AD was generally seen more often in women [17, 26]. In the present study, the prevalence among women was significantly higher than that of men when using only AASA as a parameter for defining AD (Table 2). There were no other significant differences in the mean values of the parameters, except AASA and PASA, between men and women (Table 1). We think that these findings with respect to axial parameters maybe be related to a retroverted acetabulum (i.e., a pincer deformity of femoroacetabular impingement). Considering these different AASA and PASA results in men and women, in our study the male acetabulum was significantly more retroverted than that in women. These results are in line with those in previous reports, which showed that a retroverted acetabulum was detected in men significantly more often than in women [29, 30]. In other words, it is suggested that there is posterior undercoverage of the acetabulum in men and anterior undercoverage in women. We suggest that the morphological undercoverage of the acetabulum on the axial plane is a significant, clinically important finding when discussing AD. At this point, we must emphasize that these parameters cannot be evaluated using plain radiography. Additionally, we found that three combinations—CE angle <20°/AASA <50°/VCA angle <20°; Sharp angle <20°/AASA <50°/VCA angle <20°; ADR <250/AASA <50°/VCA angle <20°—showed a significantly higher AD prevalence in women than in men (Table 3). We suggest that these findings were also affected differently by axial plane parameters in men and women.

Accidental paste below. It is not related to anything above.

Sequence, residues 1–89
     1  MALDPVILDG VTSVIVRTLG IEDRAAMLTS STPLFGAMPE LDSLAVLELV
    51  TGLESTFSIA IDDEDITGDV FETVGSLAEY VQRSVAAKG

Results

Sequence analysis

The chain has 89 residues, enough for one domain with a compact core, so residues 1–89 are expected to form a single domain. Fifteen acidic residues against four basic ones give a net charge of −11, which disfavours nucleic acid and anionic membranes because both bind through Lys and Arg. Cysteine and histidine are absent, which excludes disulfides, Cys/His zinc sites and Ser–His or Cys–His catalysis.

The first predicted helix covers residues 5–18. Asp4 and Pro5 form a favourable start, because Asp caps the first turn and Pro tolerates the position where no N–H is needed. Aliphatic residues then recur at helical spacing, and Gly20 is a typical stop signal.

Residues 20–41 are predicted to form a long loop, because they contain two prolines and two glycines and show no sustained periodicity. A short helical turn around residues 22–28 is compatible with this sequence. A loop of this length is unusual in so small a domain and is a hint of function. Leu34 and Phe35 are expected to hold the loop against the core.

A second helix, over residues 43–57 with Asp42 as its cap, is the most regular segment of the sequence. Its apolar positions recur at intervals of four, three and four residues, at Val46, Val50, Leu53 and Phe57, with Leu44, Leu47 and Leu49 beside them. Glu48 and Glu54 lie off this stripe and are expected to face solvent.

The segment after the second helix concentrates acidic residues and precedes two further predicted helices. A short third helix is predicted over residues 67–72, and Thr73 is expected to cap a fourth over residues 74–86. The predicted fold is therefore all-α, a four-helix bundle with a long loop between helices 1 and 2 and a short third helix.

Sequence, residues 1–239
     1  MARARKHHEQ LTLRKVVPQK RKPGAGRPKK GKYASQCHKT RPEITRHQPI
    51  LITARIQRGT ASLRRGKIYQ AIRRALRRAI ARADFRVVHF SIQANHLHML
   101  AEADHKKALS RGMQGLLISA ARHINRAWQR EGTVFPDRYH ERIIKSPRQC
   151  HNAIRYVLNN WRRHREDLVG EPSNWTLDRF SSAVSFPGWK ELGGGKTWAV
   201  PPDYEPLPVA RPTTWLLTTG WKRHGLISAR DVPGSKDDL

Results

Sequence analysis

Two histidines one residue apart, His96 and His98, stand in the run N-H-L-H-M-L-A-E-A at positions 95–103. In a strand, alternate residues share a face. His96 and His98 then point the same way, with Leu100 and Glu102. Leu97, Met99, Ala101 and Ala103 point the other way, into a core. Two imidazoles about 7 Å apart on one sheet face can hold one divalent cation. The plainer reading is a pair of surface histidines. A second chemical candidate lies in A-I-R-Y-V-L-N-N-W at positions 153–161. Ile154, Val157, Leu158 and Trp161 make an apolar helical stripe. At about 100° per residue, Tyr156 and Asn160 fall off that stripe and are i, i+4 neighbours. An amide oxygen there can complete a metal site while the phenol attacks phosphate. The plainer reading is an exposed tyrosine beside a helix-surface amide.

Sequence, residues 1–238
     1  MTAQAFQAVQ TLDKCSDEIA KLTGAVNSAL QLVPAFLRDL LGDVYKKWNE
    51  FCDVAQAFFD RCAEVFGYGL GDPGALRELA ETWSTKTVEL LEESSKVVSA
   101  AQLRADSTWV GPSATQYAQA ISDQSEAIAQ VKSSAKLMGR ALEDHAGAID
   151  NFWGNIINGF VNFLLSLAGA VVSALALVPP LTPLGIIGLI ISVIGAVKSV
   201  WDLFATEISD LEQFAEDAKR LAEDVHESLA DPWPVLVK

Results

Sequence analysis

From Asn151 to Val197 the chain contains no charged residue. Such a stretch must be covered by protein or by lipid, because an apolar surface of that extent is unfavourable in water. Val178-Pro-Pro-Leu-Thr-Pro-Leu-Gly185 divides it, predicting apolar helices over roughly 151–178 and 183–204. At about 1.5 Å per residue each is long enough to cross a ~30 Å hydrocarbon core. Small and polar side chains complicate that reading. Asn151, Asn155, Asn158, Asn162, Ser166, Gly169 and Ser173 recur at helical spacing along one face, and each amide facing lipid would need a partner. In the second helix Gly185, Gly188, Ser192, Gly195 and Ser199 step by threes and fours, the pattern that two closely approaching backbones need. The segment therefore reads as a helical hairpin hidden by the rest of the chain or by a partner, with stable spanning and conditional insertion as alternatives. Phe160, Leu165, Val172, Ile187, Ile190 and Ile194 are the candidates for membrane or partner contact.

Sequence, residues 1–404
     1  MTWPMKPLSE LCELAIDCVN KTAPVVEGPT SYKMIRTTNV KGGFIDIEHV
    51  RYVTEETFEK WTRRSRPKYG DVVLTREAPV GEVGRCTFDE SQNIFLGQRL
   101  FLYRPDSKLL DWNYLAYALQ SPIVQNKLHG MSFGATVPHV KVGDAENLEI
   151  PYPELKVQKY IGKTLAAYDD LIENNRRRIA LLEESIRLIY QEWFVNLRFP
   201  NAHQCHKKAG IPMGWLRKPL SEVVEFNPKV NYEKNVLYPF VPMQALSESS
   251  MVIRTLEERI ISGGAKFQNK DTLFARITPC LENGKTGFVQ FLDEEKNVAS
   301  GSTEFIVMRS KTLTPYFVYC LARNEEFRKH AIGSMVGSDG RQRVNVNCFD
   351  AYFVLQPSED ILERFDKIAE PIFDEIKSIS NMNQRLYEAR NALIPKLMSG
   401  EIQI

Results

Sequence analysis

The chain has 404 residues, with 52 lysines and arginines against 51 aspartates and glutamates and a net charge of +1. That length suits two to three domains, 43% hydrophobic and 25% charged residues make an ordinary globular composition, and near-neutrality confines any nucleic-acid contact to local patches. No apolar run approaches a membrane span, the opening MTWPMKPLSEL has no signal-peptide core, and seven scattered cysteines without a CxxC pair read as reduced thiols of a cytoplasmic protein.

We report herein the prevalence of AD based on CT measurements. We recognized that there was the discrepancy in the values found by CT and plain radiography. For example, two methods for measuring the CE angle on plain radiography—the classic Wiberg CE angle  and Ogata’s CE angle —have been reported. Chadayammuri et al.  reported a discrepancy in the values of the CE angle between plain radiography and CT. They reported that the CE angle measured with CT imaging was 2.1° larger than that found using Ogata’s CE angle on radiography. In addition, Omeroglu et al.  reported a discrepancy in the CE angle between Wiberg’s CE angle and Ogata’s CE angle determined on plain radiography. They reported that the measured values of Wiberg’s CE angle were 8.9° larger than those determined using Ogata’s CE angle. These discrepancies were due to a difference in the measuring point on the lateral edge of the acetabulum. The measuring point of Ogata’s CE angle is the lateral weight-bearing sclerotic zone (sourcil) of the acetabulum on radiography, whereas the measuring point of the classic Wiberg’s CE angle is the most lateral rim of the acetabulum on radiography. Considering these facts, our results using the CE angle, Sharp angle, acetabular index, and AHI might slightly overestimate the prevalence of AD based on the studies that measured these parameters using Wiberg’s lateral point. However, we believe that CT imaging is more suitable than plain radiography from the viewpoint of correctly measuring the parameters to evaluate AD because we can easily detect the bony morphological features of the acetabulum, especially the lateral point of the acetabular dome on CT images. We can also evaluate the correct acetabular bony coverage in the center of the hip joint. Finally, the ICC values for the interobserver reliabilities of the CE angle and acetabular index in the present study were 0.83 and 0.91, respectively. Mineta et al.  reported that the corresponding values for CT examination were 0.94 and 0.97, respectively. Mast et al.  and Tan et al.  reported that the ICC values for the interobserver reliability of CE angle evaluated in plain radiography were 0.73 and 0.51, respectively. Mast et al.  and Tannast et al.  reported that the ICC values for the interobserver reliability of acetabular index evaluated on plain radiography ware 0.45 and 0.61, respectively. We think that CT imaging is more suitable for measuring the morphological parameters needed to evaluate AD—that CT images provide a more correct prevalence of AD than plain radiography.